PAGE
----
## 3 Plato

Laches: “What is courage?” 191e: “So what actually is each of these attributes, courage and cowardice? That’s what I wanted to find out. Let’s take courage first, then, and could you please try again to tell me what it is that’s the same in all these situations.” [50, p. 53]

Charmides: “What is self-control?” Critias says at 166e, “I maintain that it’s the only kind of knowledge which knows itself and all other cases of knowledge.” [50, p. 21] Socrates soon responds in 167c, “But we’re committing ourselves here to an extraordinary assertion, my friend. If you try to find the same phenomenon elsewhere, you’ll see how impossible it is, I think.” For example, 167d–e, “Is there a kind of hearing that doesn’t hear any sound, but hears itself and all other cases of hearing and not hearing?”, and “And would you say that there was a kind of love which is such that it isn’t love of anything beautiful, but of itself and all other cases of loving?”

Protagoras, 330–331 [47, pp. 27–28]:

“So then,” I said, “none of the other parts of excellence is like knowledge, none is like justice, none like courage, none like soundness of mind, and none like holiness.”
“No.”
“Well now,” I said, “let’s consider together what sort of thing each one is. Here’s the first question: is justice something, or not a thing at all? It seems to me that it is something; what do you think?”.
“I think so too.”
“Well, then, suppose someone asked us, ‘Tell me, is that thing that you have just mentioned, justice, itself just or unjust?’ I should reply that it is just. How would you cast your vote? The same as mine, or different?”
“The same.”
“So my reply to the question would be that justice is such as to be just; would you give the same answer?”
“Yes.”
“Suppose he went on to ask us, ‘Do you think that there is also such a thing as holiness?’ we whould, I think, say that we do.”
“Yes.”
“ ‘And do you say that that too is something?’ We should say so, don’t you agree?”
“I agree there too.”
“ ‘And do you say that this thing is itself such as to be unholy, or such as to be holy?’ I should be annoyed at the question, and say, ‘Watch what you say, sir; how could anything else be holy, if holiness itself is not to be holy?’ What about you? Wouldn’t you give the same answer?”
“Certainly,” he said.
“Suppose he carried on with his questioning: ‘Well, what was it that you were saying a moment ago. Didn’t I hear you correctly? You seemed to me to be saying that the parts of excellence are related to one another in such a way that none of them is like any other.’ I should say, ‘Yes, you heard the rest correctly, but you must have misheard if you think that I said that. It was Protagoras who said it in answer to a question of mine.’ Suppose he said, ‘Is that right, Protagoras? Do you say that none of the parts of excellence is like any of the others? Is that your opinion?’ What would you say?”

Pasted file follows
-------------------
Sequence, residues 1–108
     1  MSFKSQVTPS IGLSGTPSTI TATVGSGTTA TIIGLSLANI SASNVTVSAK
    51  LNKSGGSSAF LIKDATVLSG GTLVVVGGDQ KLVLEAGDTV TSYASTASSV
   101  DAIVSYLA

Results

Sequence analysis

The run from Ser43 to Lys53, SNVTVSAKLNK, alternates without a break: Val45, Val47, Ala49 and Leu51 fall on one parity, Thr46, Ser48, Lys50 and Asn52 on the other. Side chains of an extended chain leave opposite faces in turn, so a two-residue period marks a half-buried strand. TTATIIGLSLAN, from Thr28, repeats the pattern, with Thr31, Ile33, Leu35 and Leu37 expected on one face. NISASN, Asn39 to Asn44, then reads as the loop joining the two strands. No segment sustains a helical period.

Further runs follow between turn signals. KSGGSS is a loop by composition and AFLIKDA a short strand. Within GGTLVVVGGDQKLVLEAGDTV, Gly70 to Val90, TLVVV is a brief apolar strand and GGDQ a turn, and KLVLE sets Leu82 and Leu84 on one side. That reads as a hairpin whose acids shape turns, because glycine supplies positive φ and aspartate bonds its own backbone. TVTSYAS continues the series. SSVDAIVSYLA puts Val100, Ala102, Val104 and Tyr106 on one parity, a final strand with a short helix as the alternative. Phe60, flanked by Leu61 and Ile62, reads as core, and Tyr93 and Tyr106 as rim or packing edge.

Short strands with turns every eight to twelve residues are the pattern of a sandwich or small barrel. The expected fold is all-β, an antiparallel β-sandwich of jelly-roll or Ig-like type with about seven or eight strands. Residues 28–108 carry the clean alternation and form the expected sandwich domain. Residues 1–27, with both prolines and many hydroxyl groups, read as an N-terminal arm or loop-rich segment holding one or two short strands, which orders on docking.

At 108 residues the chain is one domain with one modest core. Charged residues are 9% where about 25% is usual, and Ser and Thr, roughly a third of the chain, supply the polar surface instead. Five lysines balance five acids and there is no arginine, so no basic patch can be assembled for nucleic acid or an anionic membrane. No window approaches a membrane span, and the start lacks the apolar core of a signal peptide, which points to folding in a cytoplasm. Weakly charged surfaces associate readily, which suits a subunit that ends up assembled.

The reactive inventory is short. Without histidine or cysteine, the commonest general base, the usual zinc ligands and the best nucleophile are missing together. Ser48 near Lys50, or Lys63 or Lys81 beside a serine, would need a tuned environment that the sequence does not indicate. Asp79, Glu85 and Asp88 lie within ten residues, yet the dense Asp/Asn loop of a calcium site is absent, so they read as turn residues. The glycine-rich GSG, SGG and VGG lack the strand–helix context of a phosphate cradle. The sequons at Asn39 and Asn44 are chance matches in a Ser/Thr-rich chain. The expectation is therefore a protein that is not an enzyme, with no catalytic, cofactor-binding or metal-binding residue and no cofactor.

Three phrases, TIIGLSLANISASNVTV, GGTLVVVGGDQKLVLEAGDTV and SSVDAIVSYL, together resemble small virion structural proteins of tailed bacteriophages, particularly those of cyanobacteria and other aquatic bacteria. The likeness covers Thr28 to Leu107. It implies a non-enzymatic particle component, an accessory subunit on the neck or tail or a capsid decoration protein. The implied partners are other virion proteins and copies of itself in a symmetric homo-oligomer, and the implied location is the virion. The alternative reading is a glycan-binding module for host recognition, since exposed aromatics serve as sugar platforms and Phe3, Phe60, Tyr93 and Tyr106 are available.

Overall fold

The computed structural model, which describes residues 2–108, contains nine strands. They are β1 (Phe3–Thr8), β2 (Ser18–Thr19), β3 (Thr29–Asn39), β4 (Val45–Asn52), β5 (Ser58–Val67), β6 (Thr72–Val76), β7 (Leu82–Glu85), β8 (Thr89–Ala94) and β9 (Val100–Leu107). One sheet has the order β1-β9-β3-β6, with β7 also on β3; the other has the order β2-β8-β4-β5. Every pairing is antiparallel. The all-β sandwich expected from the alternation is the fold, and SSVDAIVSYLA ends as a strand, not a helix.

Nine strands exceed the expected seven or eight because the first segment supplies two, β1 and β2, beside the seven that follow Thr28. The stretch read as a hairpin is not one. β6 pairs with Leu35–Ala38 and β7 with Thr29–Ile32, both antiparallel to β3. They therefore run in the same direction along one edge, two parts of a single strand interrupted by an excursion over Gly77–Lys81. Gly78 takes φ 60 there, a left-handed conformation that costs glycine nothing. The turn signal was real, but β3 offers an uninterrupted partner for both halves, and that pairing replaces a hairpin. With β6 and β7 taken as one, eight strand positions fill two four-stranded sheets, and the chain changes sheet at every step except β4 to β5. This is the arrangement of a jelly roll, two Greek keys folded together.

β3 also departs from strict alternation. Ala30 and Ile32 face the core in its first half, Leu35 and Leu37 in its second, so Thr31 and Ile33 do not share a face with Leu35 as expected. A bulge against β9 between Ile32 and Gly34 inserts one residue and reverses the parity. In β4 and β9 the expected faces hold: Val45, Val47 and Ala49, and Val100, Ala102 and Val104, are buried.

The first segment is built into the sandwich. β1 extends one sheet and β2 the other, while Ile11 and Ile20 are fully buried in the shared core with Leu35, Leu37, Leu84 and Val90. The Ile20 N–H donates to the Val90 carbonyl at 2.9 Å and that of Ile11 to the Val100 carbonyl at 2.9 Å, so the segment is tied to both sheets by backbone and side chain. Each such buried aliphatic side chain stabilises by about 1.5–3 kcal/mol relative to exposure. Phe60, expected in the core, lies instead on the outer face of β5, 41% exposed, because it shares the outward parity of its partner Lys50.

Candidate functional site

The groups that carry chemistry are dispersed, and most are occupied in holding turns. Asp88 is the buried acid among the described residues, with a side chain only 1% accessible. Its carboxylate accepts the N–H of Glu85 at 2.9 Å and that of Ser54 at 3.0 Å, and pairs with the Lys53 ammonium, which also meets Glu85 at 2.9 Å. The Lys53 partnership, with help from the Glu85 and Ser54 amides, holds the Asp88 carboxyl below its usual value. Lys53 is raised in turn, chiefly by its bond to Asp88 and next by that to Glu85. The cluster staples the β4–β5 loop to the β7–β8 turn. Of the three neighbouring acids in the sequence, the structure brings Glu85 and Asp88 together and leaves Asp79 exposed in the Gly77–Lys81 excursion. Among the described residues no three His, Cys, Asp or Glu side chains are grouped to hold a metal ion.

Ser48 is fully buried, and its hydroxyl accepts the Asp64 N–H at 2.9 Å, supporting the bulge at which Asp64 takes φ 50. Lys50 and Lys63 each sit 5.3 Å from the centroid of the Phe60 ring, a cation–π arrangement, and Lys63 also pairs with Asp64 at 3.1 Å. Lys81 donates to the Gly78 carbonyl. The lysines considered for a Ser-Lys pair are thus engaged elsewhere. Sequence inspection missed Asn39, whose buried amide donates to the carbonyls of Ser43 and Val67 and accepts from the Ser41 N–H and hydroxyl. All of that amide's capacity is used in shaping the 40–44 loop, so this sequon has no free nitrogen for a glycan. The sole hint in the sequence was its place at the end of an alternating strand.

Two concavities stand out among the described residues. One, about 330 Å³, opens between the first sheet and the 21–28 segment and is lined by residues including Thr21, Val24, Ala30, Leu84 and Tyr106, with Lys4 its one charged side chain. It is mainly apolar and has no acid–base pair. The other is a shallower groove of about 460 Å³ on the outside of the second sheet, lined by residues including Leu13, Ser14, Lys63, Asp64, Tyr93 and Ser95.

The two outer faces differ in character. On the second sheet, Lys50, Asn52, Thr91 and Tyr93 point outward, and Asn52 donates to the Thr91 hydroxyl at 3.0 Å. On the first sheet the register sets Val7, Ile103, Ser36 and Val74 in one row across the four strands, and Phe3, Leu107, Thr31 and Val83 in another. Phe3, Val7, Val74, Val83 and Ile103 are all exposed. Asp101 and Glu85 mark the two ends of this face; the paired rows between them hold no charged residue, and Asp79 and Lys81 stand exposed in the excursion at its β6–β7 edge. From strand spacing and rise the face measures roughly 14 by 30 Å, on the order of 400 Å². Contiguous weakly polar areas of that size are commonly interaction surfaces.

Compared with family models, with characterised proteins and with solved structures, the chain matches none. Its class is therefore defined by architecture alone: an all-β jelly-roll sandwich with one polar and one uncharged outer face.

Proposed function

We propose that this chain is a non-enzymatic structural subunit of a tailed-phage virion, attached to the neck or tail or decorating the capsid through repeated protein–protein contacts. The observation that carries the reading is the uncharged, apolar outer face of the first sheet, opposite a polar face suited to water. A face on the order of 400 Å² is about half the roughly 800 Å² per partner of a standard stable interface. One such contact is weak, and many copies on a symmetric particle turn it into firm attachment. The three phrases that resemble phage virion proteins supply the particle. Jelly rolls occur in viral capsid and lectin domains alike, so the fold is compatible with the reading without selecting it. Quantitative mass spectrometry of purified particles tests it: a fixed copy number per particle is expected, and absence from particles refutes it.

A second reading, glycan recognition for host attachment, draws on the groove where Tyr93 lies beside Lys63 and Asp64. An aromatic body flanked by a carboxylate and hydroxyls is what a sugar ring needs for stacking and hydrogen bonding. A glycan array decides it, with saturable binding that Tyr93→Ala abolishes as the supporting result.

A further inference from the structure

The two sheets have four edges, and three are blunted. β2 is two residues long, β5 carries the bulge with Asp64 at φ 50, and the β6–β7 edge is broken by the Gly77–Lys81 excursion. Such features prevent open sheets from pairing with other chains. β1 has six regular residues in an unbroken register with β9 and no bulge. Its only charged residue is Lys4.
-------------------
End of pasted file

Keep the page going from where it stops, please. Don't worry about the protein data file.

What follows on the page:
“I think have to agree, Socrates,” he said.
“Well, once we’ve agreed to that, Protagoras, how shall we deal with his next question? ‘So holiness is not such as to be something just, nor justice such as to be holy, but rather such as to be not holy; and holiness such as to be not just, and so unjust, and justice unholy?’ What shall we reply? For my own part I should say both that justice is holy and holiness just; and, if you let me, I should give the same answer on your behalf too, that justness is either the same thing as holiness or very similar, and above all that justice is like holiness and holiness like justice. Is that your view too, or had you rather that I didn’t give that answer?”

332c [47, p. 30]:

“Well now,” I said, “is there such a thing as the beautiful?”
“Yes, there is.”
“And does it have any opposite except the ugly?”
“No, none.”
“Is there such a thing as the good?”
“There is.”
“Does it have any opposite apart from the bad?”
“No.”
“Is there such a thing as the high-pitched in sound?”
“Yes.”
“And that has no opposite apart from the low-pitched?”
“None.”
“So,” I said, “each member of an opposition has only one opposite, not many.”

349b [47, p. 50]:

“The question, I think, was this: are ‘wisdom’, ‘soundness of mind’, ‘courage’, ‘justice’, and ‘holiness’ five names for the one thing, or does there correspond to each of these names some separate thing or entity with its own particular power, unlike any of the others?”

Hippias Major. 292e, 300a–b, 303: two different beautiful things have something identical which makes them beautiful and this common thing is present in them.

Gorgias: good, 497e.

Euthyphro [2] 5–7: “Isn’t the holy itself the same as itself in every action? And conversely, isn’t the unholy the exact opposite of the holy, in itself similar to itself, or possessed of a single character, in anything at all that is going to be unholy?” Maybe it makes sense to read this as saying that the only predicate satisfied by “the holy” is “$x$ is holy”, in other words, “the holy” does not belong to any class of things except “the holy”. “And do you recall that I wasn’t urging you to teach me about one or two of those many things that are holy, but rather about the form itself whereby all holy things are holy? Because you said, I think, that it was by virtue of a single character that unholy things are unholy, and holy things are holy. Don’t you remember?” “Then teach me about that character, about what it might be, so that by fixing my eye upon it and using it as a model, I may call holy any action of yours or another’s, which conforms to it, and may den to be holy whatever does not.” 12, 13: shame is contained in fear, the even numbers are contained in the numbers.